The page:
Harvesting New England favorites

by Sally Colby

Dewey and Sharon Lloy had a plan when they purchased a 55-acre farm in Raymond, Maine: to create a Christmas tree farm and provide a memorable experience for guests.

Sharon Lloy (on right) with two of her daughters collect boughs for wreaths.
Photos courtesy of the Lloy Family

“We bought the farm in 1992 and started clearing the first plot for Christmas trees in December,” said Dewey. “My vision was to have a Christmas tree farm that was close to the traditional ‘go to the forest to cut a Christmas tree.’” Although the Lloys cleared the first section for Christmas trees themselves with just a chainsaw and a wheelbarrow, they realized the task would be smoother with professional help.

After the initial land clearing, the Lloys’ first planting included 550 balsam fir, native to Maine and a favorite for its memorable pine scent. As its name suggests, Balsam Ridge is situated on a rocky ridge with numerous maple trees that would eventually become an integral part of the operation. Although there are benefits to the hilly terrain, the land requires significant preparation prior to planting. “Once a site is set up, it’s easy to replant,” said Dewey, adding that moving rocks is one of the main tasks during site preparation.

Today, Balsam Ridge is home to 11,000 trees, which Dewey said is a manageable number and enough to keep them busy. The uneven terrain includes numerous rock deposits and ridges, but the slopes work well for growing Christmas trees.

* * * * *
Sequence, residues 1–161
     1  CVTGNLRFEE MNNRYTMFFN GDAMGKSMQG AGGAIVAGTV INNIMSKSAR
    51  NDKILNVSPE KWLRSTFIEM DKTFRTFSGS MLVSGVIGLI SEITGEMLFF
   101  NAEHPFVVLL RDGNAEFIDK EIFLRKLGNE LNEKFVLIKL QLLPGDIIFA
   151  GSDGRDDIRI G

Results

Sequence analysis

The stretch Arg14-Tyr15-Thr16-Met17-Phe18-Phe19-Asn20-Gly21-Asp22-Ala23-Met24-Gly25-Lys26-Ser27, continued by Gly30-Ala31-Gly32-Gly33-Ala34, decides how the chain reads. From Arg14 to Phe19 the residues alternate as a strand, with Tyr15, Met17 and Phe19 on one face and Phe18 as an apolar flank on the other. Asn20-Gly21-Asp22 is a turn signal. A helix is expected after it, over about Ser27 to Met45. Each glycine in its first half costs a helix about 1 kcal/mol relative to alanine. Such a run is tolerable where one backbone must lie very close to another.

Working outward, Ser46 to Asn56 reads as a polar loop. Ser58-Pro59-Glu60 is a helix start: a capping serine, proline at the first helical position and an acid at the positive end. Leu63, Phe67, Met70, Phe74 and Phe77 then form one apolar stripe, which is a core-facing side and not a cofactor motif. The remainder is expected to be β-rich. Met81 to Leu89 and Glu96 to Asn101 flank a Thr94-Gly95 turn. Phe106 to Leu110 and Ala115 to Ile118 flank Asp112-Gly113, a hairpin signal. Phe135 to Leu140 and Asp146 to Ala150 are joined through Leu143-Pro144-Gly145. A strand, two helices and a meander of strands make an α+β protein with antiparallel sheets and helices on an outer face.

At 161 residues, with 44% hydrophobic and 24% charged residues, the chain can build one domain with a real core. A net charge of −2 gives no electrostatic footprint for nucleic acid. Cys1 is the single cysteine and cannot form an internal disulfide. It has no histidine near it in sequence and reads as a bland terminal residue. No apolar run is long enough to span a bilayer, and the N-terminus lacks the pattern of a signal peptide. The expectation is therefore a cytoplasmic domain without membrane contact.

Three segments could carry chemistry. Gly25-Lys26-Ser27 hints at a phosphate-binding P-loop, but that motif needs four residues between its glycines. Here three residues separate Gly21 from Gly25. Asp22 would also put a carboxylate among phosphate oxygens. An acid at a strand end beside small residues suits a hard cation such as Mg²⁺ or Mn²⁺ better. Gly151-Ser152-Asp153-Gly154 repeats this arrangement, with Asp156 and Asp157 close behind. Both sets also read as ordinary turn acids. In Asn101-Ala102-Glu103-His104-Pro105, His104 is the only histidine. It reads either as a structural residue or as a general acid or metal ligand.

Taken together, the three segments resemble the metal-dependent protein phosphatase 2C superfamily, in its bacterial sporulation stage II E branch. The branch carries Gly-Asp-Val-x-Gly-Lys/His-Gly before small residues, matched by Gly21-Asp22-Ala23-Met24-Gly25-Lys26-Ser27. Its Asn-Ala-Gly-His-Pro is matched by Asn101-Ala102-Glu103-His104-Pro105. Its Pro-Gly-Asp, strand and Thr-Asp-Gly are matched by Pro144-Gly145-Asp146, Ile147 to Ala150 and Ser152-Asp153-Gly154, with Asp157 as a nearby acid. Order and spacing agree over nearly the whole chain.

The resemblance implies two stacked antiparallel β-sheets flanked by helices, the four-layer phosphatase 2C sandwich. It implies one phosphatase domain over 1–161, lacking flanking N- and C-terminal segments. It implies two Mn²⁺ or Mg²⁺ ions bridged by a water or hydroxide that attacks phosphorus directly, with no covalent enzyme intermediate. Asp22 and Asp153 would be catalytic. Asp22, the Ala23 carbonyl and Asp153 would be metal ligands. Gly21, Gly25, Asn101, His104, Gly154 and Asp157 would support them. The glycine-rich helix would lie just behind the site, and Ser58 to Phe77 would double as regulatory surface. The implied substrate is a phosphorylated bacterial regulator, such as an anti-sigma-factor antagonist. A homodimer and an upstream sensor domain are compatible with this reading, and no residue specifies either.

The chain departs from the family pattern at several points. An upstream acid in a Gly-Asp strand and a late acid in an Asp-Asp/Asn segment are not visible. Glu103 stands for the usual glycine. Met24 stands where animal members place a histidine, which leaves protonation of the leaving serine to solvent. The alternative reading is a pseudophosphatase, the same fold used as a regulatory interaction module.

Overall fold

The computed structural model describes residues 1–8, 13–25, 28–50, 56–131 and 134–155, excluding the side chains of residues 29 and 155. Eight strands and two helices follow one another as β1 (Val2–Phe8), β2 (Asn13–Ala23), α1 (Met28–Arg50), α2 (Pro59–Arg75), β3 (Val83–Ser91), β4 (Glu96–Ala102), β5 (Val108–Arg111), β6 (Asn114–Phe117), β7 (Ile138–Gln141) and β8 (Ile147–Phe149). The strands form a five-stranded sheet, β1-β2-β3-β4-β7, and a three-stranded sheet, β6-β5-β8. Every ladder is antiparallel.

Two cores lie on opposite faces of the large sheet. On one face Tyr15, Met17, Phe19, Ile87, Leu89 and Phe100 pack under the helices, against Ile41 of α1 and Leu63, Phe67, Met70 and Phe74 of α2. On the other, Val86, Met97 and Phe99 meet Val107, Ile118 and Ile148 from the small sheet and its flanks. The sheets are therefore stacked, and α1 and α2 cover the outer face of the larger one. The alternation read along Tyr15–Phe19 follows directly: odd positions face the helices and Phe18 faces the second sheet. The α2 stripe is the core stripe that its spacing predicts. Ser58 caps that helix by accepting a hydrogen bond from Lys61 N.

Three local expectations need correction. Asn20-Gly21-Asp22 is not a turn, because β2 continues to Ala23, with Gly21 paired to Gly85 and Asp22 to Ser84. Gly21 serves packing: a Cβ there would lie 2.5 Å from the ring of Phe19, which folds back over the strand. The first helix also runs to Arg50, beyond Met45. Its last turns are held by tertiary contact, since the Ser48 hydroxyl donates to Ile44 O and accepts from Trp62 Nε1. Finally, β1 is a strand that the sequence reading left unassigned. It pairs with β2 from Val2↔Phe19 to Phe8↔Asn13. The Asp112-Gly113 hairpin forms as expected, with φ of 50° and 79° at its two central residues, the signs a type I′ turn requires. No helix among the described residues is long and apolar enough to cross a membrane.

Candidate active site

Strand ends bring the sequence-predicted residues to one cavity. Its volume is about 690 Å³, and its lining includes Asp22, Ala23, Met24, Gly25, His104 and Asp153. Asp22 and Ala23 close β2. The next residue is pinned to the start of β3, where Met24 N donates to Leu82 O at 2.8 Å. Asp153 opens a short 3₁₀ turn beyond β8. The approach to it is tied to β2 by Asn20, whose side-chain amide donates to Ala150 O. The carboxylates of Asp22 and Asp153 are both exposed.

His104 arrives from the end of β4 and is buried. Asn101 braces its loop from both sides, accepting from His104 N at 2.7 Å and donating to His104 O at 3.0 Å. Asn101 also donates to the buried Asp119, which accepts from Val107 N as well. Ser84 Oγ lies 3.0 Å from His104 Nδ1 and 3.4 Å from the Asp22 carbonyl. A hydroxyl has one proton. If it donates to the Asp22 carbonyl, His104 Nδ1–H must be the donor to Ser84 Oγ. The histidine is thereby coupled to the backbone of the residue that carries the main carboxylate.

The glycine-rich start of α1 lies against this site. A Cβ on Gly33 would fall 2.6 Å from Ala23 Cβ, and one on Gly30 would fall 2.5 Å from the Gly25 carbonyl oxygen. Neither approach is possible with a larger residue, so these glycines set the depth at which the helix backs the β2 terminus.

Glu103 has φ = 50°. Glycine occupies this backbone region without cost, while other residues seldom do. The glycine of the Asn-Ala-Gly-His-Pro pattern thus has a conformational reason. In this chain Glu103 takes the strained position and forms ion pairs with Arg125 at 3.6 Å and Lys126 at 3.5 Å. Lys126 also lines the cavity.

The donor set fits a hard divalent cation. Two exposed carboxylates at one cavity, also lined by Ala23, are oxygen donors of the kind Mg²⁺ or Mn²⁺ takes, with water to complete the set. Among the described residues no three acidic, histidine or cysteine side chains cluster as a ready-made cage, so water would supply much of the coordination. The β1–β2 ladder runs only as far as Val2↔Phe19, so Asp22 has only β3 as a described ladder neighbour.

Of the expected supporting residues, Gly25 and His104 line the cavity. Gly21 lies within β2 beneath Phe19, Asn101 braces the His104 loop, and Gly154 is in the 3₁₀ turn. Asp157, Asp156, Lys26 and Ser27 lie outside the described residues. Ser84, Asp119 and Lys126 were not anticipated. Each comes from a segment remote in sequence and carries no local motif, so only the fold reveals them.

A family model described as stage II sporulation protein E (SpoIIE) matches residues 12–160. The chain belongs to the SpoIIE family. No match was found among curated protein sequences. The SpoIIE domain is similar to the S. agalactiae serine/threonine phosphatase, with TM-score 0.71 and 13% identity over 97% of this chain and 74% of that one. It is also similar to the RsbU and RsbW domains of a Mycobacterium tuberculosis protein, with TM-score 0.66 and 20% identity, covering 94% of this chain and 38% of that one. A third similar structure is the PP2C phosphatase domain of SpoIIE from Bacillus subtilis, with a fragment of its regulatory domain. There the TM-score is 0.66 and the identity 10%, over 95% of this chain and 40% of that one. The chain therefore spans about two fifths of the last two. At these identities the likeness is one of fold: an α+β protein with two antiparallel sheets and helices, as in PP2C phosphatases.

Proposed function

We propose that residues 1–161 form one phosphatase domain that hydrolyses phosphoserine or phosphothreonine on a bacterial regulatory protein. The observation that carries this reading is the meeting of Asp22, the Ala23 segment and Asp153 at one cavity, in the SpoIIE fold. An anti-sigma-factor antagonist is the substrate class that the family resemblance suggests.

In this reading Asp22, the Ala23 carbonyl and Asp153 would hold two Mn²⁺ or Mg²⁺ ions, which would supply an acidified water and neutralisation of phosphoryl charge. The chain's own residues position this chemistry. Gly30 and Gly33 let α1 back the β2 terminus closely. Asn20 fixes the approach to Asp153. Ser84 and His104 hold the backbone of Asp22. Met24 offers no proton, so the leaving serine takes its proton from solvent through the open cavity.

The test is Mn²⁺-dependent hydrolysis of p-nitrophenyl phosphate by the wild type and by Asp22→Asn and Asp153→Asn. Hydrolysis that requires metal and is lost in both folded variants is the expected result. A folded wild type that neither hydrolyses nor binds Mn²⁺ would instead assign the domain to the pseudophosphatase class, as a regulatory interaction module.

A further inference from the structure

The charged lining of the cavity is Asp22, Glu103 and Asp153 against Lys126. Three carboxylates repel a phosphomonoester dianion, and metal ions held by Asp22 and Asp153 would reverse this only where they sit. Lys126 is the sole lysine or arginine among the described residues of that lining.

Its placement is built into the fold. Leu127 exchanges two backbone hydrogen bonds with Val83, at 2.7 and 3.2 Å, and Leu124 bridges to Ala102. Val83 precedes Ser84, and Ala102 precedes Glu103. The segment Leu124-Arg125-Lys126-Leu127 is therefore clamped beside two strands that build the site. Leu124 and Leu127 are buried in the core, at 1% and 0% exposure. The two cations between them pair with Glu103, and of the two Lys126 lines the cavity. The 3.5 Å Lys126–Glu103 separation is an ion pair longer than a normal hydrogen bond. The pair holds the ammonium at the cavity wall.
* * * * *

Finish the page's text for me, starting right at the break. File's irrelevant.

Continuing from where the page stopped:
With highly acidic soil, Dewey is careful to monitor tree health. “We incorporate lime in the fertilizer program,” he said. “After the first rotation, we might see yellow needles due to micronutrient issues. I can get a handle on that through foliar analysis, then I can balance the micronutrients.” When he first started growing Christmas trees, Dewey relied on soil analysis but said foliar analysis tells him what the tree is doing in response to the soil and allows him to order a custom blended fertilizer to meet nutrient requirements.

As they established a customer base, the Lloys added Fraser fir and Fraser-balsam hybrids. “Some customers ask for that cross specifically,” said Dewey. “I think that market is growing because the species has good needle retention. But we still have customers who want a balsam fir because they want the tree that smells the best.”

Dewey has also planted Korean fir, Veitch (Abies veitchii) and Veitch-balsam hybrids. “The foliage on the Veitch-balsam is wonderful for making wreaths,” he said. “It has a longer needle and soft foliage. They’re very full and probably won’t tolerate heavy ornaments, but I tried them because they grow rapidly.” Dewey plans to continue planting Veitch-balsam trees close to the farm’s main building to make it easy for customers who prefer to select a tree without searching for one.

While Balsam Ridge customers can cut trees at any height, Dewey said most are cut at about eight to nine feet. “Once a tree is that height and it’s a good-looking tree, it’s going to be cut,” he said. “The intent was to provide the experience, so we don’t rope off any sections – folks can roam around.” Dewey plans to save a section of trees and allow them to grow to 12 feet, and some of the fresh-cut trees he brings in are taller than those in the fields.